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2016SpringShotcreteEMag

Shotcrete FAQs As a service to our readers, each issue of Shotcrete will include selected questions and provide answers by the American Shotcrete Association (ASA). Questions can be submitted to info@shotcrete.org. Selected FAQs can also be found on the ASA website, http://shotcrete.org/pages/products-services/technical-questions.htm. Question: I just had a swimming pool built and everything I have read online says that the gunite shell has to be sprinkled with water for several days after the pour. My pool builder says they never do it, and, when I asked why, I’m just told that’s the way they do it. I told them I am worried because every other pool builder says to do that except the one I hired and I can get no answer as to why. Is this an acceptable practice? I am worried that years down the line I may have a problem. I live in Oviedo, FL, and the weather has been in the low 70s and the humidity not particularly high. They did hit the water table and have a pump running—would any of this have an impact? Answer: ASA recommends a minimum of 7 days curing for all exposed shotcrete surfaces. Wet curing is preferred to supply additional water to the concrete surface. If a spray-on curing membrane is used instead of water curing, the material should be applied at twice the manufacturer’s recommended rate for formed surfaces. Curing is important to allow the concrete to develop as much strength as possible and to help resist cracking from internal shrinkage of the concrete. Low humidity, wind, and exposure to sun will increase the need for proper curing. If the site is dewatered, the groundwater is below the concrete work, and not effective in curing the exposed shotcrete surface. The American Concrete Institute (ACI) has an excellent reference, ACI 308R-01, “Guide to Curing Concrete.” It appears your contractor is not following the industry standards as documented by ACI. Question: Our shotcrete mixture needs to be NSF 61 certified. We have been able to obtain certification of all components with the exception of reinforced fiber. Is there or does fiber reinforcing need NSF 61 approval? Answer: Each manufacturer of concrete constituents needs to have their products tested by NSF if they want NSF 61 certification. Whether the fibers need NSF 61 certification is an issue with the local authority having jurisdiction for exposure of components to potable water supply systems in your state. Generally, this is the state EPA-type agency, but maybe a federal agency if on a federal project. We don’t maintain a database of manufacturer products that meet NSF 61. However, you can readily identify contacts for the fiber manufacturers who are ASA corporate members with our Buyers Guide at www.shotcrete.org/pages/products-services/ Buyers-Guide/index.asp. When entering the Buyers Guide, you can select “Fiber + Reinforcement Sales” and the fiber type subcategory to get a list of our member fiber suppliers. Question: I am currently involved with the design of an unreinforced masonry building retrofit. Could you point me toward resources concerning the seismic behavior of a reinforced shotcrete masonry wall? I am interested in learning more about the force (shear) transfer between the masonry/shotcrete interfaces. Answer: Shotcrete is a placement method for concrete. Thus, seismic design for concrete is applicable to shotcrete placement. Here’s a link to an article in the Winter 2009 issue of Shotcrete magazine, titled “Seismic Retrofit of Historic Wing Sang Building,” that details the seismic retrofit of a brick building in Vancouver, BC, Canada: www.shotcrete.org/media/ Archive/2009Win_SCM01pg08-12.pdf. A second article from 1999, “Seismic Reinforcing of Masonry Walls with Shotcrete,” also gives some input on the design: www.shotcrete.org/media/Archive/1999Fal_Snow. pdf. In general, the structural engineer must evaluate the condition of the existing masonry structure and determine whether the added shotcrete sections will be supplementing the existing capacity or providing the full resistance to seismic loads. Question: I had a concrete pool shell installed using gunite (dry shotcrete method) in July 2013. It was never finished due to unfortunate circumstances and has been exposed to the elements of weather over the last 2 years, mostly filled up with water from rain and, in the colder months, frozen like a pond. We would like to finish the pool but were told by the pool company that the concrete looked odd and we should have it strength tested. We had core samples taken from the walls and floor from a certified testing lab. The results from the six samples ranged from 1700 to 2200 psi (12 to15 MPa). When the pool was blown on July 3, 2013, it was to achieve 4000 psi (28 MPa) compressive strength in 28 days. Is it normal for the shotcrete strength to have weakened so much? Answer: Properly produced concrete material shotcreted in place should gain strength over time, not lose strength. ASA recommends that concrete placed by the shotcrete method have a minimum compressive strength at 28 days of 4000 psi (28 MPa). Coring does damage the sample somewhat, so it is common to require core strength to meet 85% of the specified compressive strength. Cores should be no less than a nominal 3 in. (76 mm) in diameter for representative results because smaller cores (less than 3 in. 76 mm diameter) are more subject to damage from the core extraction, affecting the reported strength. Thus, at 85% of 4000 psi (28 MPa) the minimum should be 3400 psi (23 MPa). Based on the reported values, and assuming a 3 in. (76 mm) diameter or greater core, the concrete strength is well below ASA’s recommended strength, and the strength you originally specified in 2013. Question: We have a pool designed with the cast-in-place concrete construction method in mind. The project has been awarded to a dry-mix gunite contractor. To accommodate the 70 Shotcrete • Spring 2016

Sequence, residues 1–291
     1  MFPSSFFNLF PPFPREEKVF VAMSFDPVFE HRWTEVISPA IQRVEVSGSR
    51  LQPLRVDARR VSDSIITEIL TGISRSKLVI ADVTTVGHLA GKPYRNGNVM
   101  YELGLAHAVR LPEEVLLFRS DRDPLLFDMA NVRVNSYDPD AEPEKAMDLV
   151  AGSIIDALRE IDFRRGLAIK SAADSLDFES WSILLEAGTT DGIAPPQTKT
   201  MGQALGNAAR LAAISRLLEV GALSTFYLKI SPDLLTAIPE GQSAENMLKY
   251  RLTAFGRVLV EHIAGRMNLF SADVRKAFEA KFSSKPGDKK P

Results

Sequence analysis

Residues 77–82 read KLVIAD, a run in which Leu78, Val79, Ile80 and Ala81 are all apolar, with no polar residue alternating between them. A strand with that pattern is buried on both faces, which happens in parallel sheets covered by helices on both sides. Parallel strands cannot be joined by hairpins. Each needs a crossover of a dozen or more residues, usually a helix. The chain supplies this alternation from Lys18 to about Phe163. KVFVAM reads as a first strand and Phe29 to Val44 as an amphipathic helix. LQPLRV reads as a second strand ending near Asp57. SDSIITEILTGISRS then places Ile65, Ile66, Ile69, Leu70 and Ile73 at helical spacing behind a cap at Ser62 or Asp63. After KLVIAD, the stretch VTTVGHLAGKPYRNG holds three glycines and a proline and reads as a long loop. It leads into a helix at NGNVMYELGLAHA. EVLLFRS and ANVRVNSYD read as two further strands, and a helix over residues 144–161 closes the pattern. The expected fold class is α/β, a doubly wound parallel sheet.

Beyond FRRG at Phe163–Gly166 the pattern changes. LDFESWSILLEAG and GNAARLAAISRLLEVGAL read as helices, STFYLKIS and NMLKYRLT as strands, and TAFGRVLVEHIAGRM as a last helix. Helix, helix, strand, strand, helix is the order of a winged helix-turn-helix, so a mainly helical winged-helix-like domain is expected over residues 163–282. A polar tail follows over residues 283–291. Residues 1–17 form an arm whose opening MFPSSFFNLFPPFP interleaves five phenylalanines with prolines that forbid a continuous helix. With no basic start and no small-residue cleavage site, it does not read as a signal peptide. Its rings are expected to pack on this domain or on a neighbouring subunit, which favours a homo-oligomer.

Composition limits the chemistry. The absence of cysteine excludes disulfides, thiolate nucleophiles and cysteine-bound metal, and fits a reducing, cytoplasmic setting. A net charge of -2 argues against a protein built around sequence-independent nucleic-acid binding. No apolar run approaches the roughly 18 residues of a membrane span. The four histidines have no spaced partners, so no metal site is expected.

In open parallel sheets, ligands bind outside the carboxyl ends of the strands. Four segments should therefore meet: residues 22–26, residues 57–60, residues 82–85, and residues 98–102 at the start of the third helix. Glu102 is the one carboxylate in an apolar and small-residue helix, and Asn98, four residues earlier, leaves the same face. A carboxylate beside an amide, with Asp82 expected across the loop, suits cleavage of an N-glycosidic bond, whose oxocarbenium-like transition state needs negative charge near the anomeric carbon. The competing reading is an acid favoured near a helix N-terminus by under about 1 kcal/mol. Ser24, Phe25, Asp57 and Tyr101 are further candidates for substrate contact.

2016SpringShotcreteEMag